After not receiving a response from the district, staff agreed that the environment in the building does not feel safe. In accordance with WA Labor and Industry guidelines, we are refusing unsafe working conditions and have opted to call in sick if staff do not feel SPS is prepared to provide a safe environment for both students and staff. Families should prepare for inadequate staffing and consequent closing of the school on Monday, January 10.  

This decision was extremely hard for our staff to make; however, we did so out of deep love for our students and uncertainty in our ability to meet basic safety needs of our children. We will continue to work tirelessly to support our students and families in remote and in person learning.

I listened in on a Zoom meeting today of educators from several schools on this issue. The schools I saw were Kimble ES, Franklin HS, Cleveland HS, Aki Kurose MS, Coe ES, Hazel Wolf K-8, Boren K-8 and Lawton ES. To add about Kimble:

- Their principal, counselor and nurse have tested positive for COVID. (I need to verify this but I don't know how the people in the building could get this wrong.)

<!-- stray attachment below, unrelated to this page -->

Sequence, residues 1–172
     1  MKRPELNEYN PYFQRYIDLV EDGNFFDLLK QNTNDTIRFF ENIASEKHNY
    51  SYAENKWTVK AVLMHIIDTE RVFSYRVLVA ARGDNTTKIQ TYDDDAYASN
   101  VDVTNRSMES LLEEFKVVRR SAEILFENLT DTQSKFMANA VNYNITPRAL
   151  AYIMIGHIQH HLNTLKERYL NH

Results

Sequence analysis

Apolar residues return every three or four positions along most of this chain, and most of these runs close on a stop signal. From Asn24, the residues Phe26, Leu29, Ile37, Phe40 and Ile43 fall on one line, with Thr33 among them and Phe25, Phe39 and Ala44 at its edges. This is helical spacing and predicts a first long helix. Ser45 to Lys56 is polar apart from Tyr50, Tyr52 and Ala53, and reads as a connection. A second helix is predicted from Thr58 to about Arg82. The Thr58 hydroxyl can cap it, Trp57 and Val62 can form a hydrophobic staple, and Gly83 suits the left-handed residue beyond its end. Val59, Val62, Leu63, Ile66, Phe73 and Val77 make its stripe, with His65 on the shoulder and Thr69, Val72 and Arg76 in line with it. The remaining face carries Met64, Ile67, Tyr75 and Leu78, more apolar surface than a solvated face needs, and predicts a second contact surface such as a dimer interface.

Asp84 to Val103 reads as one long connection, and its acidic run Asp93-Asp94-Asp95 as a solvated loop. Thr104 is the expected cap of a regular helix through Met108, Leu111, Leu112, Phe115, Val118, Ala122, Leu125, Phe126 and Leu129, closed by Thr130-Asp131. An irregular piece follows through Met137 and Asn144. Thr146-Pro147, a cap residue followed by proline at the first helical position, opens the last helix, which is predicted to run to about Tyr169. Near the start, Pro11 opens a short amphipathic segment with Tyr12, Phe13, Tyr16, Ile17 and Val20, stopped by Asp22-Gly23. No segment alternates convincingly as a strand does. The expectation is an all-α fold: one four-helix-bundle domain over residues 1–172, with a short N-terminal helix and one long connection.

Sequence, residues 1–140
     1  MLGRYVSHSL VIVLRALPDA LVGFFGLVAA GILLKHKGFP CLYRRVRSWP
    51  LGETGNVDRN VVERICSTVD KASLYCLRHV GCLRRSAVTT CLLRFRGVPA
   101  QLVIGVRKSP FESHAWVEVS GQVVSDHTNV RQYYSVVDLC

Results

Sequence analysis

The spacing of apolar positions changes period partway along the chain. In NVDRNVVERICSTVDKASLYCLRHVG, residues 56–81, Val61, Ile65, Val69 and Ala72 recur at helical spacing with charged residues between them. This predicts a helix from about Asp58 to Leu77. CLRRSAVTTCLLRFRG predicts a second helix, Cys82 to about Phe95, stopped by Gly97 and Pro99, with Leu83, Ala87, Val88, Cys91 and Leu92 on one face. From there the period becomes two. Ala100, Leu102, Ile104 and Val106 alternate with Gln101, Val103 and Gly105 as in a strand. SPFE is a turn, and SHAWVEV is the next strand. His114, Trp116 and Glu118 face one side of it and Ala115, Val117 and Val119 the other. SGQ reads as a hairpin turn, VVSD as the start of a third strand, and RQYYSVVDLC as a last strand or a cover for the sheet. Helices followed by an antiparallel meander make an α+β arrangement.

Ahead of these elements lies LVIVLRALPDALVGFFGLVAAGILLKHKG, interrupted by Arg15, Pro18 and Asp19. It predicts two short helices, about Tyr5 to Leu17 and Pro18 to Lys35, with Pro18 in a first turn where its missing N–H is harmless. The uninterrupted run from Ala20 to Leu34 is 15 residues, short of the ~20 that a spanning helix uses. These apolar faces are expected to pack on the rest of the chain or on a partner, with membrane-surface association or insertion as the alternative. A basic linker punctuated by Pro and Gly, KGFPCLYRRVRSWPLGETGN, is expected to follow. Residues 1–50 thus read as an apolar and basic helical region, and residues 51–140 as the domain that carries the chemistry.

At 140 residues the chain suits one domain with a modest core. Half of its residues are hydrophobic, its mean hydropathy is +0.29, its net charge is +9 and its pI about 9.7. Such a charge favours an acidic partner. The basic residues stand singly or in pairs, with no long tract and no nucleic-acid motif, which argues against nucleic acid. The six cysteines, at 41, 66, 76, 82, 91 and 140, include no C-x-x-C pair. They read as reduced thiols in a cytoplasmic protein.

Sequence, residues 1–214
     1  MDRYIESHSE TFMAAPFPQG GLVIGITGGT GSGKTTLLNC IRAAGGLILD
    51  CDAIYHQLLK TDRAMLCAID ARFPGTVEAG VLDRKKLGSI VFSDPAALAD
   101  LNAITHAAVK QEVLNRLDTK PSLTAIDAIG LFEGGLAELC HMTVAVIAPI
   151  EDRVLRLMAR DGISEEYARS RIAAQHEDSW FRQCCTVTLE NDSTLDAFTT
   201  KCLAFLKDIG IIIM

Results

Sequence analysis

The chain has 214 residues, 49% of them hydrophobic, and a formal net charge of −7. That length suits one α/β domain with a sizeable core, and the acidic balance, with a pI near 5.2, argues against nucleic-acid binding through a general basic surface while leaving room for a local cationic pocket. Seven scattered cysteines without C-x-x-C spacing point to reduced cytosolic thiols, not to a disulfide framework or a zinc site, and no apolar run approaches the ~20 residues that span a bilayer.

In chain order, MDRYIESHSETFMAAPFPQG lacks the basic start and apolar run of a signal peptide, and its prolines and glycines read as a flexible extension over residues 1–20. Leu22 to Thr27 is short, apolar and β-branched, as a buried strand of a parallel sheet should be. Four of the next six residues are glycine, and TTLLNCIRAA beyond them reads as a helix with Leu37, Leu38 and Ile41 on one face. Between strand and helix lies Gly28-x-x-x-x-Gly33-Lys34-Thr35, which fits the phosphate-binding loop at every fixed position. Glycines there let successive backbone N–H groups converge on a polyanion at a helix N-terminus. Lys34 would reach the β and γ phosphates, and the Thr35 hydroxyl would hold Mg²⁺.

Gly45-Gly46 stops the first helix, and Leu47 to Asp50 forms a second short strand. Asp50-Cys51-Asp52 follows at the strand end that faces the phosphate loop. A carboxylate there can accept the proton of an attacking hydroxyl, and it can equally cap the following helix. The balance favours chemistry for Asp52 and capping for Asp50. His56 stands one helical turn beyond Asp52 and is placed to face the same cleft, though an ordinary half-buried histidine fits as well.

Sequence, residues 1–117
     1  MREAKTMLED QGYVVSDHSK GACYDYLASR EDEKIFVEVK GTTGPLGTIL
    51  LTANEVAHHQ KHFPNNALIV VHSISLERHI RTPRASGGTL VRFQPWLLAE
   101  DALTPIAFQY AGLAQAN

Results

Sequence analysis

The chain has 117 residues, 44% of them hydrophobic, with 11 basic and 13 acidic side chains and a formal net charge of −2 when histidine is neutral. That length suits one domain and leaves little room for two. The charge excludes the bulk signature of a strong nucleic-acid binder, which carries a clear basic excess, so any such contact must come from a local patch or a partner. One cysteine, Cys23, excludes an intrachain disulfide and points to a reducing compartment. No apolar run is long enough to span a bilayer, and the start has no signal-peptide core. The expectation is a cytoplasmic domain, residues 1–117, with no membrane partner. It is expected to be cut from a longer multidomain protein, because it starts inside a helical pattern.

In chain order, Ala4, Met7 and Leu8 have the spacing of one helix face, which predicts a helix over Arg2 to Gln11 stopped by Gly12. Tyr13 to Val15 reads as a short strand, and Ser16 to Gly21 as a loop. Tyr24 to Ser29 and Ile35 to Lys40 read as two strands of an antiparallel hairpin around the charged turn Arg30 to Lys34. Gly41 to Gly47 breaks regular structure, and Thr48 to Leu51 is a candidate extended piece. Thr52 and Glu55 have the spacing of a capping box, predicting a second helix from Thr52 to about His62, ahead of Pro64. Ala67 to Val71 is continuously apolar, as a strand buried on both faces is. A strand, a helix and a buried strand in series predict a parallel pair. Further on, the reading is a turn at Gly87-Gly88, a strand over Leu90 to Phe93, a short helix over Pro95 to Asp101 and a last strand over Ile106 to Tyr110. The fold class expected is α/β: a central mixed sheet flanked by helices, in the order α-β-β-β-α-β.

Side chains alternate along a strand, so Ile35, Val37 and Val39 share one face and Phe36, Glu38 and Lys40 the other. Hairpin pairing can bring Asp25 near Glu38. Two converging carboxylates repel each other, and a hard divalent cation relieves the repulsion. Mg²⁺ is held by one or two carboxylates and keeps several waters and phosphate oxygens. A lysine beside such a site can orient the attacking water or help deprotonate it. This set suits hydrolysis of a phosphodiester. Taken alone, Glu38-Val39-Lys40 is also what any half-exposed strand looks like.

- Teachers and staff were working during lunch and on breaks to make up for lost staff.
- Kimble SEA rep said they were communicating with SEA leadership all week. I think the issue was that staff was not going to show up on Monday and the district decided to beat them to it.
- Kimble staff believe they are in an unsafe work environment which is in their contract.
- They say PTA supports them but again, something to check.

As for other issues mentioned at this Zoom meeting:

- There may be a protest at the school board meeting this week.
- Schools have been told by SPS that a school will be "flagged" if more than 20% of the student population is not in school. But no one has any idea what that means beyond the fact. Franklin staff say they have seen 30% of students out.
- It doesn't appear that SEA is saying or doing anything publicly on this issue.
- Outdoor eating was discussed. A few schools did have district-supplied tents but apparently they have gone away. Schools that have the ability to send kids outside to eat appear to do it randomly.
- Teachers think the district's COVID dashboard should be updated daily, not weekly. (And it appears the last update was 12/31/2021.)
- Many of the staffing issues seem to be focused at a Special Education level as well as in transportation. Apparently one school had several Sped students not picked up for up to two hours. One finally got taken home by an SPS van driven by a district headquarters' staffer.
- Staff want N95 masks provided.

Students on the NAACP student board will be having a walkout over both COVID issues and safety issues at their schools. The walkout will occur on Friday, January 14th at 11 am. They have some demands: